Saying thank you is a critical part of fundraising.
Sometimes, we can focus most attention on getting a gift. But great thanks are key to getting the next gift.
Here are 12 ideas of how to thank your donors.
1. A prompt, personal, sincere thank you letter
This is the least you should do, of course. But don’t toss it off. Make your thank you letter great by focusing on the donor.
Remember, a letter is from one person to one person. Don’t write “on behalf of the board of directors”. Write from you (or whoever will sign) and write from the heart.
Thank them for their specific gift. Mention what it will do.
And please remember, this isn’t a public relations exercise. It’s not about you.
2. A prompt, personal, sincere phone call from staff
3. A prompt, personal, sincere phone call from the ED
4. A prompt, personal, sincere phone call from a board member
A phone call – just to say thank you – can be a lovely surprise for donors.
But first, be sure the donor hasn’t asked not to be called. (Personally, I don’t really like the calls, even when they’re well-done. I’m not a phone person.)
Second, remember this is ONLY about thanks. Third, use the opportunity to listen. You may learn something very useful!
5. A “just thanks” letter when it’s not expected
This isn’t the thank you letter after a gift.
Find a reason not tied to a particular gift. Perhaps identify a group of very loyal donors. Write and thank them for that loyalty. Tell them what it’s accomplished. And that’s all.
No ask. No envelope. Just thanks.
6. An offer of a tour
Not every donor will want to become more involved. But you never know.
So offer a tour that can help donors see the work they make possible up close.
Be sure to track those who take you up on the offer (there won’t be many). They’re likely to be passionate about your cause. Cultivate that passion.
7. A dedicated staff person for their questions
This is another offer that won’t cost you much and can make a difference. Designate a staff person – maybe you – and make sure donors know they have access to that person. Encourage them to call with questions or concerns. Then make sure the call is answered.
As with tours, you won’t get many who take you up on this.
But knowing that they can call is important. You might not believe it, but donors take your work seriously and usually hate to disturb you. Make it clear they are your work and you welcome their calls.
8. Staff – especially fundraising – whose contact information can easily be found on the website
This is another mandatory one for me. Do not hide your fundraising staff!
Make sure donors and potential donors can find you on the website. Make it clear you are available.
I once had a problem with a gift. There were no staff contacts on the organization’s site. None.
I finally found the number for a donation call center. The person on the other end was nice, but not who I needed.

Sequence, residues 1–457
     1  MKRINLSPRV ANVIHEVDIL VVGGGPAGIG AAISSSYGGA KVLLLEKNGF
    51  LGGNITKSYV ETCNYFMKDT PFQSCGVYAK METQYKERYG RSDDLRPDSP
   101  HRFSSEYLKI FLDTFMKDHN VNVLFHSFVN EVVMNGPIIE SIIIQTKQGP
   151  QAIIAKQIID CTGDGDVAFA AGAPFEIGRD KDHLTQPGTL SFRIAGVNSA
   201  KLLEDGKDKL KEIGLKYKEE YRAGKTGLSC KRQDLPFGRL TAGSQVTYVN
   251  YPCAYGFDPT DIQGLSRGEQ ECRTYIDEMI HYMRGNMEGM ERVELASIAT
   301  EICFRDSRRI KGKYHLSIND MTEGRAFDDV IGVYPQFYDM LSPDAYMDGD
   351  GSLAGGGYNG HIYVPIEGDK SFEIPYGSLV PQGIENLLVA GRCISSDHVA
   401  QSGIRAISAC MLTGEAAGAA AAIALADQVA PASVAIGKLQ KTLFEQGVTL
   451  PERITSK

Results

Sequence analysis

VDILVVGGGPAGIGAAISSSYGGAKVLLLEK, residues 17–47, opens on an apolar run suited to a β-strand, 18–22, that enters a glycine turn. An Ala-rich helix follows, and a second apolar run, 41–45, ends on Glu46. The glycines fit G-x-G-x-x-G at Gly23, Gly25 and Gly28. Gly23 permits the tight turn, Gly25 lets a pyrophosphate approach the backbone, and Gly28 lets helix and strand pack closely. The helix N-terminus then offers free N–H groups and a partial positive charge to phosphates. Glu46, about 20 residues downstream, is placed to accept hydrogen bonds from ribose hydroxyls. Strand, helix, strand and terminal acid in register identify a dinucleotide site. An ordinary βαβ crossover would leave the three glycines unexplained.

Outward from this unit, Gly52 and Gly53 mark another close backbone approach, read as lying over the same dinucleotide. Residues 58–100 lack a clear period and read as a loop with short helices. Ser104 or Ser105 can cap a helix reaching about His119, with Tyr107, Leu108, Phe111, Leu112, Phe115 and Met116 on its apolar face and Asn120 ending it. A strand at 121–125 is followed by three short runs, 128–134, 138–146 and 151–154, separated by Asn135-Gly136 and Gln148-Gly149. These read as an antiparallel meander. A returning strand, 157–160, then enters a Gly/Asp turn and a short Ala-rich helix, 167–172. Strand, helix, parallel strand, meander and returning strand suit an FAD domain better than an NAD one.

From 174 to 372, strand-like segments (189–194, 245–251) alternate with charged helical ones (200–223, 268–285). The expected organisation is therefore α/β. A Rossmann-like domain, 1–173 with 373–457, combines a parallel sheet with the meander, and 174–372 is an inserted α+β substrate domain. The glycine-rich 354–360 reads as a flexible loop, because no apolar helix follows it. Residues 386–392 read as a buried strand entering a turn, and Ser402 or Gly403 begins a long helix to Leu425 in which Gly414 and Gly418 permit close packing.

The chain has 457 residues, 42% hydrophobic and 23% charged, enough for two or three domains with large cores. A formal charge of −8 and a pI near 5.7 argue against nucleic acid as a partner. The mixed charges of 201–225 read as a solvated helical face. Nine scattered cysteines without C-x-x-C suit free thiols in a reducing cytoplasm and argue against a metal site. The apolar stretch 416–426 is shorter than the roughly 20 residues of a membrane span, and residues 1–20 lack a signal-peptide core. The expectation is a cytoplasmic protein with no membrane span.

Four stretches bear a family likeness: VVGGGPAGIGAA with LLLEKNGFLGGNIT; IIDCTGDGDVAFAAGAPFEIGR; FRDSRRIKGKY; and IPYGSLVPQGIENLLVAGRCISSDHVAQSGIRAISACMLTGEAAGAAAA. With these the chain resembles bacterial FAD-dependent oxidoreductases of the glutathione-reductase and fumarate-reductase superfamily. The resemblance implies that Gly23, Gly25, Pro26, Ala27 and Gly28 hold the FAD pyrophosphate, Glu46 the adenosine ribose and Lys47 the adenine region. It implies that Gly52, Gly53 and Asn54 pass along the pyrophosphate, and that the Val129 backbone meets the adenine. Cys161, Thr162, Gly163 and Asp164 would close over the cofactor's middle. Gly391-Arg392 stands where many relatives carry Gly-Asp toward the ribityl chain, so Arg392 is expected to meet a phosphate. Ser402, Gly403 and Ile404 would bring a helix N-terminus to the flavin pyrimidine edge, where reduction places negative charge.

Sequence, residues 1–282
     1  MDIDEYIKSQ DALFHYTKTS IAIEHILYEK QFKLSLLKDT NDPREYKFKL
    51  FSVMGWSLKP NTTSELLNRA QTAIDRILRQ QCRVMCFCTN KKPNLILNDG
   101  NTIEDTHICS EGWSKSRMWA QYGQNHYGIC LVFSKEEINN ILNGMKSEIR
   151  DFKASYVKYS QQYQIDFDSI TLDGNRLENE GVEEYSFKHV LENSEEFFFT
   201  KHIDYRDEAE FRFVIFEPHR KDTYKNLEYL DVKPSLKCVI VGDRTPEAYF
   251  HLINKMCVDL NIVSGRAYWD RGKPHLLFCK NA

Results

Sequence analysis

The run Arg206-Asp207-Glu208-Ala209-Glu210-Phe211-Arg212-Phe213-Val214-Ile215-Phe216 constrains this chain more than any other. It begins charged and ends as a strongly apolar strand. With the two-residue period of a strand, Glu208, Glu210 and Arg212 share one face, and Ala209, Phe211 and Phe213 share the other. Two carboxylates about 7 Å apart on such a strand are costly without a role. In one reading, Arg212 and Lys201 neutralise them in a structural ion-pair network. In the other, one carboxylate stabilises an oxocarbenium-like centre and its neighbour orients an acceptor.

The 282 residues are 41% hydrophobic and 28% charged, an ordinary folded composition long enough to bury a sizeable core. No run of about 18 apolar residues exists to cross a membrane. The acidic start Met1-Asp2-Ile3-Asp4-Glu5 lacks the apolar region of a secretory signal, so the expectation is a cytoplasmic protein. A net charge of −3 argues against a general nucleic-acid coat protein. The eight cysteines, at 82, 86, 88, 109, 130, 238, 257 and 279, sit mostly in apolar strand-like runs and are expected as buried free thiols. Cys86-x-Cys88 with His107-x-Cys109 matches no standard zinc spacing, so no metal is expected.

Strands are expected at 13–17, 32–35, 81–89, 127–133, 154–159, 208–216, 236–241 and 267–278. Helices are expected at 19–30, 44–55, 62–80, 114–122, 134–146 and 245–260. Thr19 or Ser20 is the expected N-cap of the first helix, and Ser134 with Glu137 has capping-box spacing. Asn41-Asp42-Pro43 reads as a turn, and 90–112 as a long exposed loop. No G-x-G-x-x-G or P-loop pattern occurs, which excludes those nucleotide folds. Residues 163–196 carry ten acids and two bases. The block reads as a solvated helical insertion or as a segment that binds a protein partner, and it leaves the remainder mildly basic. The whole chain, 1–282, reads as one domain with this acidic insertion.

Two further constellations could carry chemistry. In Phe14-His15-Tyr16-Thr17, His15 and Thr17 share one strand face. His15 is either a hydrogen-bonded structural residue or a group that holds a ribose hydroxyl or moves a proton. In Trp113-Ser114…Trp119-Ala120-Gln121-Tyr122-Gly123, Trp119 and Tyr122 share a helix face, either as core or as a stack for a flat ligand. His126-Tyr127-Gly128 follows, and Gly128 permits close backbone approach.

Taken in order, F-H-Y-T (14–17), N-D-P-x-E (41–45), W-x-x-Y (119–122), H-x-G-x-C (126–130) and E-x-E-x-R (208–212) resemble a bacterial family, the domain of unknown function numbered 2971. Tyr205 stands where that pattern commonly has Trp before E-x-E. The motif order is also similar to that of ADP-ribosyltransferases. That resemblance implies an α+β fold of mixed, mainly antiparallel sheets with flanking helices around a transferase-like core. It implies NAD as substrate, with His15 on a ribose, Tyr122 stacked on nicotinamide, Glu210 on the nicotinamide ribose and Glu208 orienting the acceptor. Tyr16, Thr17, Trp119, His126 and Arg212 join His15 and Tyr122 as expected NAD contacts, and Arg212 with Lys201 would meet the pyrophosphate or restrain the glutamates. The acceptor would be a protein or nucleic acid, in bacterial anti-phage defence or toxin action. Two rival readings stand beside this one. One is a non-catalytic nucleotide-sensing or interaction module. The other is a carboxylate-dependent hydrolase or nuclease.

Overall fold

If you’re fundraising staff, you’re public-facing. Be sure you can be found.
9. Newsletters that celebrate donors, not the organization – and show donors their impact
I’ve mentioned how much I love newsletters before. (I’m talking print newsletters, here. I don’t know that anyone has succeeded in creating an emailed newsletter that has the same effect.)
I love them because they thank donors, they inform donors… and also let donors know their continuing support matters.
IF they’re written well – that is, focused on the donor and full of great stories – donors love them.
10. Invitations to small events (low-key, inexpensive) with other donors
This is another way to just say thanks. You don’t have to spend a fortune, either. Cheese and crackers will do the job – or dessert. It’s great to have someone who can speak on a topic connected to the mission. That could be a staff person.
Of course, you don’t charge for this. Be sure you’re clear about that when you send an invitation. They’re invited because they matter and you want to say thank you.
Donors enjoy the opportunity to meet like-minded people. Invite them, mingle with them, introduce them to others. They’ll remember a pleasant experience and associate it with you.
If you can send your donors off with a small gift, that’s even better! (Not necessary, though.)
11. Requests for their feedback – and follow-through on what you learn
The best way to do this is to build feedback into the whole process. It’s easier to do online, of course. But so long as you’re respectful of their time (no phone calls at dinner, please), people like to tell you what they think.
You can also create a donor survey. It’s a great way to let donors know what they think matters to you – and to learn a great deal about your donors.
12. Getting their records right – data matters
Who likes to see their name misspelled? Who likes the chore of calling to correct it?
What about their giving history? If you print a donor list, be sure you have the information correct.
Sometimes, the little things matter a lot. So don’t treat data like it’s the last thing on your to-do list.
Thank you isn’t a one-time thing
Of course, you hope to be saying thank you often because donors are giving often.
Be sure you focus as much on gratitude as income.
Your goal? Make thanks part of an ongoing conversation with your donors.